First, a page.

Virginia suffered a lung hemorrhage in January 1842. It was the first sign of the tuberculosis that would make her an invalid and eventually take her life. Poe began to drink more heavily under the stress of Virginia's illness. He left Graham's and attempted to find a new position, for a time angling for a government post.

Poe arrived in Baltimore, Maryland, on September 27, 1849. He returned to New York, where he worked briefly at the Evening Mirror before becoming editor of the Broadway Journal. There he became involved in a noisy public feud with Henry Wadsworth Longfellow. On January 29, 1845, his poem "The Raven" appeared in the Evening Mirror and became a popular sensation.

The Broadway Journal failed in 1846. Poe moved to a cottage in the Bronx. The cottage is on the south east corner of the Grand Concourse and Kingsbridge Road and is open to the public. Virginia died there in 1847. Increasingly unstable after his wife's death, Poe attempted to court the poet Sarah Helen Whitman . Their engagement failed, purportedly because of Poe's drinking and erratic behavior; however there is also strong evidence that Miss Whitman's mother intervened and did much to derail their relationship. According to Poe's own account, he attempted suicide during this period by overdosing on laudanum. He then returned to Richmond and resumed a relationship with a childhood sweetheart, Sarah Elmira Royster , who by that time was a widow.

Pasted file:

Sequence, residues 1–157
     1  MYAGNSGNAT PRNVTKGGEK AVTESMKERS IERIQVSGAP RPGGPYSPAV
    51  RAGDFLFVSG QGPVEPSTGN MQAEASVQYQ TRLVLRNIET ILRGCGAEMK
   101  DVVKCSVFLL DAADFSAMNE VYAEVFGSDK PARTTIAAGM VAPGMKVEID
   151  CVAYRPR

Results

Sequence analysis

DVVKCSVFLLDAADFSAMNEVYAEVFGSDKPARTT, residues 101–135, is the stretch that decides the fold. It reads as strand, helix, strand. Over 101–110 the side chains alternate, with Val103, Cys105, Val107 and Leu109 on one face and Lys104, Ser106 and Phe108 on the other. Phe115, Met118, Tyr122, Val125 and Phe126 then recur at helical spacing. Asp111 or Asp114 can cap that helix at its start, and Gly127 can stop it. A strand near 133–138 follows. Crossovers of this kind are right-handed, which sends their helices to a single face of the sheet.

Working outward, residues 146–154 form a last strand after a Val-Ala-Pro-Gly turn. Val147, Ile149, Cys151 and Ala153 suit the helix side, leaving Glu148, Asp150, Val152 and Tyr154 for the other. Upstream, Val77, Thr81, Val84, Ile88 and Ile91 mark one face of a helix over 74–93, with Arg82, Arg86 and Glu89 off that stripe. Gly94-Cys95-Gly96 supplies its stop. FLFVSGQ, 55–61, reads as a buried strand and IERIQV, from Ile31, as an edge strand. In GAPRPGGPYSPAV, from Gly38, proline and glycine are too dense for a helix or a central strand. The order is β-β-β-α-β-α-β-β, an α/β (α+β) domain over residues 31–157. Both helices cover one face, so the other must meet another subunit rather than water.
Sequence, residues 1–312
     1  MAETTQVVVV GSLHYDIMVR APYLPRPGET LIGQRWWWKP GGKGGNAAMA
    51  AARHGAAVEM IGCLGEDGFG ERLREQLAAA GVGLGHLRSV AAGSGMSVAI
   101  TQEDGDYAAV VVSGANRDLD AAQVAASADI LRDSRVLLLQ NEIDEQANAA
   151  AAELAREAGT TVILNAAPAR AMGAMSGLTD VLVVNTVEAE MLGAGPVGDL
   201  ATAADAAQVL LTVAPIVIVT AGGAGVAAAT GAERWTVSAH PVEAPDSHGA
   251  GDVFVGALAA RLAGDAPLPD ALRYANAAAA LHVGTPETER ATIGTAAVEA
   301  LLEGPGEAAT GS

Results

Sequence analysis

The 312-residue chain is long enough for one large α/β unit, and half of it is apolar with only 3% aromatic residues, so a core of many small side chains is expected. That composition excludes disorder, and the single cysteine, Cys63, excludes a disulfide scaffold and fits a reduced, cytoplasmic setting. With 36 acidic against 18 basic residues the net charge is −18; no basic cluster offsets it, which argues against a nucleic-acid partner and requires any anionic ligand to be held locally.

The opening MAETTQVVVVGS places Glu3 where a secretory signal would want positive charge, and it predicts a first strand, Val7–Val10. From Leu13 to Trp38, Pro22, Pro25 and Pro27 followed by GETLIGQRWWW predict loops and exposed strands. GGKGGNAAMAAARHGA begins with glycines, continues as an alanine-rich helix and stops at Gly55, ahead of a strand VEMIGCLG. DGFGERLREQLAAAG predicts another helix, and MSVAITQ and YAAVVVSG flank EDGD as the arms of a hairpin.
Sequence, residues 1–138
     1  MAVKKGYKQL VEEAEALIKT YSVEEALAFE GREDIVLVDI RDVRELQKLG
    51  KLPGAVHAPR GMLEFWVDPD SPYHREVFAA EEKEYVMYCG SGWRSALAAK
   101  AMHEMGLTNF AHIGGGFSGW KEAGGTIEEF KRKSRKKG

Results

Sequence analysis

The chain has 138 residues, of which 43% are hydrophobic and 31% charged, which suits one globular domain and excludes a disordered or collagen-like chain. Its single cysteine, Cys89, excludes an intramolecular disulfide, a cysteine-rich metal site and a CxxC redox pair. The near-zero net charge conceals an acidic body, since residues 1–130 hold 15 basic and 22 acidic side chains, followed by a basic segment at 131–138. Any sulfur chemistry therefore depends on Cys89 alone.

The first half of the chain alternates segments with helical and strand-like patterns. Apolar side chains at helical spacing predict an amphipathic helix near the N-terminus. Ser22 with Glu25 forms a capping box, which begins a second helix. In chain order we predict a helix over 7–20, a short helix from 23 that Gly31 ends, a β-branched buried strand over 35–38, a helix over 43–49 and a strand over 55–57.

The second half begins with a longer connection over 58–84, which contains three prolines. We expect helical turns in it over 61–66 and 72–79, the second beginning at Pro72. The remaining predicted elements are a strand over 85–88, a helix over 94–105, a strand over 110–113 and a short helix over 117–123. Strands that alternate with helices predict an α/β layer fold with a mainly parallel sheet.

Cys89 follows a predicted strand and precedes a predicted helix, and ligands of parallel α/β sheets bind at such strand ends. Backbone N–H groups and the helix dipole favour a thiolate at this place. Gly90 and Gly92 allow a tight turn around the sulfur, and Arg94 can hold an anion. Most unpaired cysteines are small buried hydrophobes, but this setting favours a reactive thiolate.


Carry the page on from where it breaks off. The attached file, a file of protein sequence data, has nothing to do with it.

On October 3, 1849, Poe was found on the streets of Baltimore, delirious and "in great distress, and... in need of immediate assistance," according to the man who found him. He was taken to the Washington College Hospital, where he died early on the morning of October 7. Poe was never coherent long enough to explain how he came to be in his dire condition, and wearing clothes that were not his own. Some sources say Poe's final words were "It's all over now; write Eddy is no more." (referring to his tombstone). Others say his last words were "Lord, help my poor soul."

The precise cause of Poe's death is disputed.